Key Stage 2

Pupils have two timetabled lessons (4 hours) of PSHE per week. We also teach PSHE in key stage 2 classes as an integral part of all curriculum areas covered during the year. 

Key Stage 3

Pupils have two timetabled lessons (4 hours) of PSHE per week. In addition to this pupils have a careers lesson once a week and as part of this provision SRE lessons take place weekly for a term of the year. 

Key Stage 4

PSHE is delivered at key stage 4 through their chosen accreditation. The SRE and drugs education modules are delivered by the class teachers weekly for a term each year. In addition to this pupils also have a careers lesson and follow an accreditation in ‘Employability’, this covers some aspects of careers and financial management in preparation for their futures.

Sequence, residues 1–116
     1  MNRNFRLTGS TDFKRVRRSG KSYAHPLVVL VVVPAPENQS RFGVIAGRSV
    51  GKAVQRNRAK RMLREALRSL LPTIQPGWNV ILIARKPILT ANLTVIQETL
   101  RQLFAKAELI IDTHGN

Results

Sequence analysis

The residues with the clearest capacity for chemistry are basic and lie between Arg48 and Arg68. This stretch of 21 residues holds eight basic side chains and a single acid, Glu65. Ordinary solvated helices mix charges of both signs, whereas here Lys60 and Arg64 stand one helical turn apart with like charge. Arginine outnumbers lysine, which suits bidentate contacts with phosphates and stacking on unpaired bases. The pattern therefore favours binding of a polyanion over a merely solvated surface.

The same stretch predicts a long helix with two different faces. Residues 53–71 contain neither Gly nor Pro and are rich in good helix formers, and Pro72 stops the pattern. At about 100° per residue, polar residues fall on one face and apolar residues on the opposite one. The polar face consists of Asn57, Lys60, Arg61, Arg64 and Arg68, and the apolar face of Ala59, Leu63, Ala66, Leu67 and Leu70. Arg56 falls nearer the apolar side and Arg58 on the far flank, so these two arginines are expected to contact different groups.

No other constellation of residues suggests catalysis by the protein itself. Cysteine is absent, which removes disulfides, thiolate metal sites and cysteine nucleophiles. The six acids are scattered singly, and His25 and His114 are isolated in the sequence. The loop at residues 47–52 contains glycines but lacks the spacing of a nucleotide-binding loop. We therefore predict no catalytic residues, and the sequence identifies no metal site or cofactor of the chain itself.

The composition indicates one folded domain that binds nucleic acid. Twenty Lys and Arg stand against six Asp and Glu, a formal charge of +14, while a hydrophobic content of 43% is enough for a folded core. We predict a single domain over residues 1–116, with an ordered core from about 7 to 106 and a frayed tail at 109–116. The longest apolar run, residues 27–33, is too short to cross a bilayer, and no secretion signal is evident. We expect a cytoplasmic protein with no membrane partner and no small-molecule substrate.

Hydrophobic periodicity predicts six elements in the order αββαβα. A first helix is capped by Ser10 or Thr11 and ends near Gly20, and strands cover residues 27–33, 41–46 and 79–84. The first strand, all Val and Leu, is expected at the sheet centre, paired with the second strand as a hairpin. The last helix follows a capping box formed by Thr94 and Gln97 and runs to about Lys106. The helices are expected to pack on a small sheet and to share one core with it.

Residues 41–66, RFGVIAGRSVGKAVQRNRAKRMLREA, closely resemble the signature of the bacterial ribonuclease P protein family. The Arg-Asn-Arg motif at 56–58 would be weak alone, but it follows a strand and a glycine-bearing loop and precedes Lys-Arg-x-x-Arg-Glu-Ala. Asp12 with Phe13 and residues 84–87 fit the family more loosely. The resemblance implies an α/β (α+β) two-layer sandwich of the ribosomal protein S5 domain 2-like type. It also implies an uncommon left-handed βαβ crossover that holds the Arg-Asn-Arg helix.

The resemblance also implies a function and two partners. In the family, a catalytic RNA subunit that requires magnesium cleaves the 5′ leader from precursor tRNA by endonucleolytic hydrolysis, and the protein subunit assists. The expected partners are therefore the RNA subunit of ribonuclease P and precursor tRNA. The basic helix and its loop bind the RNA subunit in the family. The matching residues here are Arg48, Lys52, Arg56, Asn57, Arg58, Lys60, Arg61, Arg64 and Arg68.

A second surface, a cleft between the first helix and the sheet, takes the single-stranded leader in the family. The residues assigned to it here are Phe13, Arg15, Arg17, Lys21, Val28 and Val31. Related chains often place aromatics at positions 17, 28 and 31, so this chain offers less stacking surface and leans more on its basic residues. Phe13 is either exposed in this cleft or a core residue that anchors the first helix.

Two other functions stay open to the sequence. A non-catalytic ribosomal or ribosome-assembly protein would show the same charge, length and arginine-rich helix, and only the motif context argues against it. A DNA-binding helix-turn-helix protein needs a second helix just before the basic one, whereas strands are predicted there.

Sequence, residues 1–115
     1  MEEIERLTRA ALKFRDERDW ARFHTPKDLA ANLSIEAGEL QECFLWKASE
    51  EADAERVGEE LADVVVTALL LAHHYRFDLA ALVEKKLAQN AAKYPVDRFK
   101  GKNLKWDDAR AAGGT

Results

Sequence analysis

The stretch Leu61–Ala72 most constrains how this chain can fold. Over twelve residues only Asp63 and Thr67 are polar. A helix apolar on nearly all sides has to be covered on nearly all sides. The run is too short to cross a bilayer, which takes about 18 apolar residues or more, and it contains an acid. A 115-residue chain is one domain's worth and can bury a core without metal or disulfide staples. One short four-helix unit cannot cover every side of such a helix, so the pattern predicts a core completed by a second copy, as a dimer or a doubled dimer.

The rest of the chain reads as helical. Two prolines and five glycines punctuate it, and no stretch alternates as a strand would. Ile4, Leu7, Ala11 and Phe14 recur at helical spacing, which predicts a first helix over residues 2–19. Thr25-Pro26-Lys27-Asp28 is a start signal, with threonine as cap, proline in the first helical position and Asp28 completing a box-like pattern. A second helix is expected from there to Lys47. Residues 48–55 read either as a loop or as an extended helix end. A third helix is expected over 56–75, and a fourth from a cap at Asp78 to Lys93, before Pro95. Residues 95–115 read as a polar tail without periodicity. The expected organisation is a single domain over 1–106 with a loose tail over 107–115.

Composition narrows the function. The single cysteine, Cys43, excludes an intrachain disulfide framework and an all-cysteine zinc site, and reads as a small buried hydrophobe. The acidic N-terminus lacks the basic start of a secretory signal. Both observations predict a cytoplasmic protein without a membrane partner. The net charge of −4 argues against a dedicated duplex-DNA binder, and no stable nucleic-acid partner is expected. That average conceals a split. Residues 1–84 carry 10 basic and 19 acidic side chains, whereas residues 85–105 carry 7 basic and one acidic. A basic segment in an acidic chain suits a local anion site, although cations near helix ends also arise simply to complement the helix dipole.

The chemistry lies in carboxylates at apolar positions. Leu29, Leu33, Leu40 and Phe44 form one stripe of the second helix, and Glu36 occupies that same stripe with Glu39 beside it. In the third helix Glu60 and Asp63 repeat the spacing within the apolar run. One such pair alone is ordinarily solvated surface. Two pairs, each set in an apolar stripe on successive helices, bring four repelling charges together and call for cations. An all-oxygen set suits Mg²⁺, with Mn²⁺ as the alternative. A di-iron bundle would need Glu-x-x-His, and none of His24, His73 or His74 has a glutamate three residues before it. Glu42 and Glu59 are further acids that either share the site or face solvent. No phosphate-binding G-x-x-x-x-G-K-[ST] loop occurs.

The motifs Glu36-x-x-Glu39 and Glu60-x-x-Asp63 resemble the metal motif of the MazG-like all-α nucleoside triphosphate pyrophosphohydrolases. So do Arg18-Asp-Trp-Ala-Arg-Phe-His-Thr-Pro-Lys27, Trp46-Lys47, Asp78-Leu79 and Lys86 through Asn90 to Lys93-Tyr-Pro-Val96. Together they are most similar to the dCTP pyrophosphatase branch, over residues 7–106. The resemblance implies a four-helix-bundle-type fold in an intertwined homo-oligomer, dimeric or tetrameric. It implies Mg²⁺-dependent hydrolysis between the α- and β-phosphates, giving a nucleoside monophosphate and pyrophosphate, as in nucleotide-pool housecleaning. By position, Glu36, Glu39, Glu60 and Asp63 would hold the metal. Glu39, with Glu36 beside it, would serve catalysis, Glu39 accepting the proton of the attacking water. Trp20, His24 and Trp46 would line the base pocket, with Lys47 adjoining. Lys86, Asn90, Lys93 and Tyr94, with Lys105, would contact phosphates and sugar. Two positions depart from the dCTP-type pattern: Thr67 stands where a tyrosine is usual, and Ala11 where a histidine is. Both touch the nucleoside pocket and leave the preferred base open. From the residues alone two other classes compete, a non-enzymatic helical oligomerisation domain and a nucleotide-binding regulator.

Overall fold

Pupils with SEN

We teach PSHE to all children, through differentiated learning opportunities appropriate to the individual needs of children with learning difficulties. When teaching PSHE we take into account the targets set for the children in their Pupil Plan Targets.

Our PSHE curriculum offers pupils with learning difficulties opportunities to: 

  • make choices and decisions
  • develop personal autonomy by having a degree of responsibility and control over their lives
  • make a difference or make changes by their individual or collective actions
  • find out that there are different viewpoints which lead to a respect for the opinions of others.

Monitoring and Evaluation